Rodion Shchedrin

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Rodion Shchedrin
Родион Щедрин
Rodion Shchedrin with his wife, Maya Plisetskaya, in 2009
Born (1932-12-16) 16 December 1932 (age 90)
Moscow, Soviet Union
Occupation(s)Composer, pianist
(m. 1958;died 2015)

Rodion Konstantinovich Shchedrin (Russian:Родион Константинович Щедрин,IPA:  [rədʲɪˈon kənstɐnʲˈtʲinəvʲɪtɕ ɕːɪˈdrʲin] ; born 16 December 1932) is a Soviet and Russian composer and pianist, winner of USSR State Prize (1972), the Lenin Prize (1984), and the State Prize of the Russian Federation (1992), and is a former member of the Inter-regional Deputies Group (1989–1991). He is also a citizen of Lithuania [1] and Spain. [2]



Shchedrin was born in Moscow into a musical family—his father was a composer and teacher of music theory. He studied at the Moscow Choral School and Moscow Conservatory (graduating in 1955) under Yuri Shaporin (composition) and Yakov Flier (piano). He was married to ballerina Maya Plisetskaya from 1958 until her death in 2015.

Shchedrin's early music is tonal and colourfully orchestrated and often includes snatches of folk music, while some later pieces use aleatoric and serial techniques. In the West the music of Shchedrin has won popularity mainly through the work of Mstislav Rostropovich who has made several successful recordings.[ citation needed ]

Among his works are the ballets The Little Humpbacked Horse (1955), Carmen Suite (1973), Anna Karenina (1971, based on the novel by Leo Tolstoy), and Lady with a Lapdog (1985); the operas Not Only Love (1961), and Dead Souls (1976, after Nikolai Gogol's novel); piano concertos, symphonies, chamber and piano music and other works. He composed 24 Preludes and Fugues after he heard those of Shostakovich. Also notable is his Polyphonic Notebook.

He has written five concertos for orchestra: the first, variously translated as Naughty Limericks or Mischievous Folk Ditties (neither of which completely get the gist of the Russian which refers to a chastushka, an irreverent, satirical kind of folk song) is by far the best known, and was the work which first established him on the international stage. [3] The second of the Concertos for Orchestra was subtitled Zvony (The Chimes), and was premiered by the New York Philharmonic under Leonard Bernstein as one of the many commissions in honor of the orchestra's 125th anniversary. The third Concerto for Orchestra is based on old music of Russian provincial circuses. Concerto 4, Khorovody (round dances), was written in 1989, and Concerto 5, Four Russian Songs, was written in 1998.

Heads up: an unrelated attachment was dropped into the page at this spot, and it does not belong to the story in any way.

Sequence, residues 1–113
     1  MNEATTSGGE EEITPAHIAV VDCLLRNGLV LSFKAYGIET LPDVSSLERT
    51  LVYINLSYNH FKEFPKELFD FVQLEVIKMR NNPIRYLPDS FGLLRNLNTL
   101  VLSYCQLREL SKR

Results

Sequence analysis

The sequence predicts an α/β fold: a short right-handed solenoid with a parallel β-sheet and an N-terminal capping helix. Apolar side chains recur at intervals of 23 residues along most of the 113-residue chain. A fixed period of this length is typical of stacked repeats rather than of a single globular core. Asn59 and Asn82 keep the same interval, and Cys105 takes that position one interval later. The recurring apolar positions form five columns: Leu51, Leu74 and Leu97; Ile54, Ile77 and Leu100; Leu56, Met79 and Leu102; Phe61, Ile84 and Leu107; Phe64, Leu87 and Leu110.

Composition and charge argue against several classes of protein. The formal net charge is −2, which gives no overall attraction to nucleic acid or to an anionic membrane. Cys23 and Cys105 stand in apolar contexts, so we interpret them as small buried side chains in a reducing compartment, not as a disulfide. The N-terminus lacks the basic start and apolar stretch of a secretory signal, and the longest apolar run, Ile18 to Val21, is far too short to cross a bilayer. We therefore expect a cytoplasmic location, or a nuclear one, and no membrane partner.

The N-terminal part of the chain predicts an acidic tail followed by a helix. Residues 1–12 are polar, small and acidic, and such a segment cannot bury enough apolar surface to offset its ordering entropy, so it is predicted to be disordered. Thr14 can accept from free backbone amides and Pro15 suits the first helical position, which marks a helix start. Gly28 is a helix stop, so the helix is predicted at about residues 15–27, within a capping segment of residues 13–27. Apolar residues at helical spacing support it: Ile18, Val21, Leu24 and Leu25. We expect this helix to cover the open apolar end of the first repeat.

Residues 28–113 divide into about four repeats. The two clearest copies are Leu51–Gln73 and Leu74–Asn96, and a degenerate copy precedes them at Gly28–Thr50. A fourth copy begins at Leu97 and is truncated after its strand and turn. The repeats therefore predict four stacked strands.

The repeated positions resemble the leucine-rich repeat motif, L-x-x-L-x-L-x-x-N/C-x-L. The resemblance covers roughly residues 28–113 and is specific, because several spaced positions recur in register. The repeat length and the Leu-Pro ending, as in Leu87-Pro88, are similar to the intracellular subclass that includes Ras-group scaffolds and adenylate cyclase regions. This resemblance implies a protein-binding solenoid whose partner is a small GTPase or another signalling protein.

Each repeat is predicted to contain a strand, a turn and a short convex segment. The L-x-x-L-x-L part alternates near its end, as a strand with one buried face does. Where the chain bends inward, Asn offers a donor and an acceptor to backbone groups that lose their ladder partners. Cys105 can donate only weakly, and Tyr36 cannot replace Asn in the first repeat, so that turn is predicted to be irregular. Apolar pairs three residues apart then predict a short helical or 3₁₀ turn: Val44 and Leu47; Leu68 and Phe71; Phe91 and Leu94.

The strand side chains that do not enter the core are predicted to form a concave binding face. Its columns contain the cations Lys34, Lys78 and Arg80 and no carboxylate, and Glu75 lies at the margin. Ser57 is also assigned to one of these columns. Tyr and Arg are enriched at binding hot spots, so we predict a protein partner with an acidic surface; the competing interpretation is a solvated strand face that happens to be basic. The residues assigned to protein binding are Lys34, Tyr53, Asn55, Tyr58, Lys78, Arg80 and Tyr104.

Shchedrin is also a virtuoso pianist and organist, playing solo piano in the premieres of the first three of his six piano concertos. On 5 May 1974, Shchedrin performed as soloist in all three of his then-completed piano concertos, and the concert, with the USSR Symphony Orchestra under Yevgeny Svetlanov, was recorded and released on LP, then CD. He was made a member of the Berlin Academy of Arts in 1989 and received the Russian State Prize from President Boris Yeltsin in 1992. Since the collapse of the Soviet regime, Shchedrin has taken advantage of the new opportunities for international travel and musical collaboration, and now largely divides his time between Munich and Moscow.

From 11 to 14 June 2008, Shchedrin Days took place in Armenia with the participation of Shchedrin and Maya Plisetskaya as honorary guest. Invited by Walter Fink, he was the 19th composer to be featured in the annual Komponistenporträt of the Rheingau Musik Festival in 2009. He and his wife attended the concerts which included his Russian liturgy The Sealed Angel for choir and flute, performed in Eberbach Abbey. His chamber music included Ancient Melodies of Russian Folk Songs (2007) with the cellist Raphael Wallfisch and himself at the piano, and Meine Zeit, mein Raubtier with tenor Kenneth Tarver and pianist Roland Pontinen who performed it also at the Verbier Festival.

The premiere of a German version of his opera Lolita was performed as the opening night of the Internationale Maifestspiele Wiesbaden in a production of the Hessisches Staatstheater Wiesbaden in 2011. [4]

List of compositions

Stage works


  • Not Love Alone , opera in three acts with epilogue (1961). First performance on 25 December 1961 in Moscow by the Bolshoi Theatre Chorus and Orchestra, Y. Svetlanov (cond).
  • Dead Souls , opera in three acts (1976). Libretto by the composer. First performance on 7 June 1977 in Moscow by the Bolshoi Theatre Chorus and Orchestra, Y. Temirkanov (cond).
  • Lolita , opera in three acts after Vladimir Nabokov's novel (1993). Libretto by the composer. First performance: 14 December 1994 in Stockholm by the Royal Opera of Stockholm, Mstislav Rostropovich (cond), Ann-Marget Petterson, John Conklin.
  • The Enchanted Wanderer , opera for the concert stage for mezzo-soprano, tenor, bass, mixed chorus and orchestra (2001–2002). Story by Nikolai Leskov. Libretto by the composer. Commissioned by the New York Philharmonic to Lorin Maazel. First performance on 19 December 2002 in New York by the New York Philharmonic, New York Choral Artists, Lorin Maazel (cond).
  • Boyarina Morozova , choral opera in two parts for four soloists, mixed chorus, trumpet, timpani and percussion (2006). Text from "The Life of the Archpriest Awwakum by himself" and "The Life of Boyarina Morozova". Libretto by the composer. First performance: 30 October 2006 in the Moscow Conservatory in a performance directed by Boris Tevlin.
  • The Left-Hander , opera in 2 acts. Libretto by the composer after the novel by Nikolai Leskov. Concert performance on 26 June, and world stage premiere on 27 July 2013 at the Mariinsky II in St Petersburg, conducted by Valery Gergiev. [5]